According to this USA Today story about the case, crime among teenage girls has risen 38 percent since 1999. The article states:

Although robbery by females is not as common as robbery by males, the gender gap is narrowing, said James Garbarino, professor of child psychology at Loyola University in Chicago and author of See Jane Hit: Why Girls are Growing More Violent and What We Can Do About It.

“Parents are telling their girls, ‘You can do anything a boy can.’ That makes them now vulnerable” to television violence and other social influences, Garbarino said.

The two girls, who are black, are apparently still at large, anothing astounding facet of this story. There are no news reports stating otherwise.

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Fashionably Patriarchal

January 9, 2010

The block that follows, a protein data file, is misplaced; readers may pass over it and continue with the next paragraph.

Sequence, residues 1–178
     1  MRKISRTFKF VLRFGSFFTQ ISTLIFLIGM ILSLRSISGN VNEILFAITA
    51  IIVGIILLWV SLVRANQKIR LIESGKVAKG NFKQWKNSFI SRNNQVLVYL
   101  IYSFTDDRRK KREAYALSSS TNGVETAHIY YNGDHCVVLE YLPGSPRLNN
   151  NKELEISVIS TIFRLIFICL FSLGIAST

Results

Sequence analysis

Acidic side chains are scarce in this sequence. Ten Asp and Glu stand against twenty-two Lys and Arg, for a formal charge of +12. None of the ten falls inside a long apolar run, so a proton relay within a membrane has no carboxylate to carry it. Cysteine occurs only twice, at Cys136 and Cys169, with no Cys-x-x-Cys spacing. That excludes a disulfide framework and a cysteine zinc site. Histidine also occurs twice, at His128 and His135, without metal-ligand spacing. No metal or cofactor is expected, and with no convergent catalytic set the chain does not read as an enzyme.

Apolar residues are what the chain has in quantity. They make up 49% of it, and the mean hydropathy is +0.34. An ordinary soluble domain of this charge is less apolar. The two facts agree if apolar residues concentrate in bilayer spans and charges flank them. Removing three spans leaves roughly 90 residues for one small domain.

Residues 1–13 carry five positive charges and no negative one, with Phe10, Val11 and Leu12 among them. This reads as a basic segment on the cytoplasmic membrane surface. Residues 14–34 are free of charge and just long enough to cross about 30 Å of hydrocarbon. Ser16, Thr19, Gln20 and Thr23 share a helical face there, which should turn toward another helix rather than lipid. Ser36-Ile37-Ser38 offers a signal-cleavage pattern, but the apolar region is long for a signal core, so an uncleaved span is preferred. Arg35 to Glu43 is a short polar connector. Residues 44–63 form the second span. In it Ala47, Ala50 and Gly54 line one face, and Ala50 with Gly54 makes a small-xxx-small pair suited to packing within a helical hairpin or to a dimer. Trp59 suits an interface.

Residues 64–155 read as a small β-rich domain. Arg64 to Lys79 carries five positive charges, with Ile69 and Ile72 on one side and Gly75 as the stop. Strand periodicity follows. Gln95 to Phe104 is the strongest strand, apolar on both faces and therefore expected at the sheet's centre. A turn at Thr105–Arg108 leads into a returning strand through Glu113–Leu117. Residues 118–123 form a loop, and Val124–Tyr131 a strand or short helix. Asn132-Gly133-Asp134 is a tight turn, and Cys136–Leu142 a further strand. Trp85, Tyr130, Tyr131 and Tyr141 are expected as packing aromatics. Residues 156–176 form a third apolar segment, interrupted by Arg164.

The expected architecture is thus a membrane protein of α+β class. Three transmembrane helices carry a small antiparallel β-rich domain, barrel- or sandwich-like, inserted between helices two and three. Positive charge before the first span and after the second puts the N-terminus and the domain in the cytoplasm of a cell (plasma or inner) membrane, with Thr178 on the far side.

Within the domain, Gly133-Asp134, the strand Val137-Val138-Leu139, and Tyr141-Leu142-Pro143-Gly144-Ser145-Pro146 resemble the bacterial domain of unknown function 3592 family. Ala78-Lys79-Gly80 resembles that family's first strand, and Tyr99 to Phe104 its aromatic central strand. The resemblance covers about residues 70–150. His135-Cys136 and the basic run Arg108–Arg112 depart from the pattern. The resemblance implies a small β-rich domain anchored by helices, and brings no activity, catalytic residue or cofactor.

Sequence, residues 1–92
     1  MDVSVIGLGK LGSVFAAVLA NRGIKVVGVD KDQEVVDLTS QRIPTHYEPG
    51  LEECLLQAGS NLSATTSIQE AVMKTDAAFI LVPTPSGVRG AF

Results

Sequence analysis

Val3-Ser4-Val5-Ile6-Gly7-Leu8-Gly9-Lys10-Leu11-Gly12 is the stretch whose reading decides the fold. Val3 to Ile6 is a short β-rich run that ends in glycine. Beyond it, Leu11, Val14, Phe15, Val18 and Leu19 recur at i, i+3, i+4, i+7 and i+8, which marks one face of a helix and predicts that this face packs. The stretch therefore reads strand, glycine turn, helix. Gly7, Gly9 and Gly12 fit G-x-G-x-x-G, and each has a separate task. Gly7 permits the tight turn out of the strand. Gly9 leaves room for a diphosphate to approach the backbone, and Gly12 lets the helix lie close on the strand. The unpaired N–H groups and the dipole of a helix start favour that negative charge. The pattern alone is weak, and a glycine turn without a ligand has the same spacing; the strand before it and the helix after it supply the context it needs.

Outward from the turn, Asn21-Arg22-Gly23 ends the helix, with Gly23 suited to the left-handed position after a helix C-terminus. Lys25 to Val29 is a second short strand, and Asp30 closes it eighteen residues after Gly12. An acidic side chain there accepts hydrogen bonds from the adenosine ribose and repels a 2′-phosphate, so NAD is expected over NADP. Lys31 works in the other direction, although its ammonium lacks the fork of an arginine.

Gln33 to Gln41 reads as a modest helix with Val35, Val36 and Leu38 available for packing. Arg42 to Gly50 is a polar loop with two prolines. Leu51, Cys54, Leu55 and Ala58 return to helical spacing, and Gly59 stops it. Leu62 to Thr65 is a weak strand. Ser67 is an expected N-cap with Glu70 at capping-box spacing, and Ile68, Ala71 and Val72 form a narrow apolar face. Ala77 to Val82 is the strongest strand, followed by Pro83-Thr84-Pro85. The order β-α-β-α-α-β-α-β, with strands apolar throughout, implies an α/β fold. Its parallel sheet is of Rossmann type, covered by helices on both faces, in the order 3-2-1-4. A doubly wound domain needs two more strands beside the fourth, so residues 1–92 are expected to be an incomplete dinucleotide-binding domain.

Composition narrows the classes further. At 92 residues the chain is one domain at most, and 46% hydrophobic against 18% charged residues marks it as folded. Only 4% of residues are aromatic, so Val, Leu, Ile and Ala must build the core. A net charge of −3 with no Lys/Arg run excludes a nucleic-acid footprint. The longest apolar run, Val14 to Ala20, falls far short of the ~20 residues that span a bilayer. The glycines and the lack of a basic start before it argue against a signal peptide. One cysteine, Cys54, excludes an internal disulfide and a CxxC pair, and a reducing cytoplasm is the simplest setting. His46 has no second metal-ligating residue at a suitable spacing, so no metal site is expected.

Charles W. Eliot

Charles W. Eliot, former president of Harvard, was misidentified in this recent post on men’s clothing. Here is a striking photo of him dressed like a man of his time. He is with his grandson. Notice how he does not look at the camera in the cuddly, I-just-want-to-be-loved manner of the eminent men of our time. (See any photo of Bill Gates for contrast.)

Dale F., who sent the photo, writes:

I was intrigued by the comment from one of your readers on the post “The Male with No Plumage,” about the correct identification of the men in the first row. She was right; the caption in the original had the identifications transposed. 

In the course of confirming that, I came upon this photo that fits rather well with the topic of the post. Read More »


Gnosticism 101

January 9, 2010


Mary Daly. who died earlier this week, was a gnostic prophet. If you have any doubt on this score, read Gloria Steinem’s words upon news of Miss Daly’s death:

“She was a great trained philosopher, theologian, and poet, and she used all of those tools to demolish patriarchy — or any idea that domination is natural — in its most defended place, which is religion.”[emphasis mine]